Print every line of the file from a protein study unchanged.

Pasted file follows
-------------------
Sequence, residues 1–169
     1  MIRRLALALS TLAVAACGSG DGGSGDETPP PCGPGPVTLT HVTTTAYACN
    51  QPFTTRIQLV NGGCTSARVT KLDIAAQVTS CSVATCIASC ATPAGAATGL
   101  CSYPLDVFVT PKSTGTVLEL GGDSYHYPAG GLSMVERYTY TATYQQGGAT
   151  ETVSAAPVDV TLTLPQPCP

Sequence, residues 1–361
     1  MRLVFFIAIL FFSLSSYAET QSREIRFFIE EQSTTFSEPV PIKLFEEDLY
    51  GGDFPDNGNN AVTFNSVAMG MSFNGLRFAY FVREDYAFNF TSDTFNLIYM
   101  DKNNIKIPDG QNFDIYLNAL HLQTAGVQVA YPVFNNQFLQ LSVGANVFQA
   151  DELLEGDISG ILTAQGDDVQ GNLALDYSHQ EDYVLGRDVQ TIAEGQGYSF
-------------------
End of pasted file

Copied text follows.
Sequence, residues 1–169
     1  MIRRLALALS TLAVAACGSG DGGSGDETPP PCGPGPVTLT HVTTTAYACN
    51  QPFTTRIQLV NGGCTSARVT KLDIAAQVTS CSVATCIASC ATPAGAATGL
   101  CSYPLDVFVT PKSTGTVLEL GGDSYHYPAG GLSMVERYTY TATYQQGGAT
   151  ETVSAAPVDV TLTLPQPCP

Sequence, residues 1–361
     1  MRLVFFIAIL FFSLSSYAET QSREIRFFIE EQSTTFSEPV PIKLFEEDLY
    51  GGDFPDNGNN AVTFNSVAMG MSFNGLRFAY FVREDYAFNF TSDTFNLIYM
   101  DKNNIKIPDG QNFDIYLNAL HLQTAGVQVA YPVFNNQFLQ LSVGANVFQA
   151  DELLEGDISG ILTAQGDDVQ GNLALDYSHQ EDYVLGRDVQ TIAEGQGYSF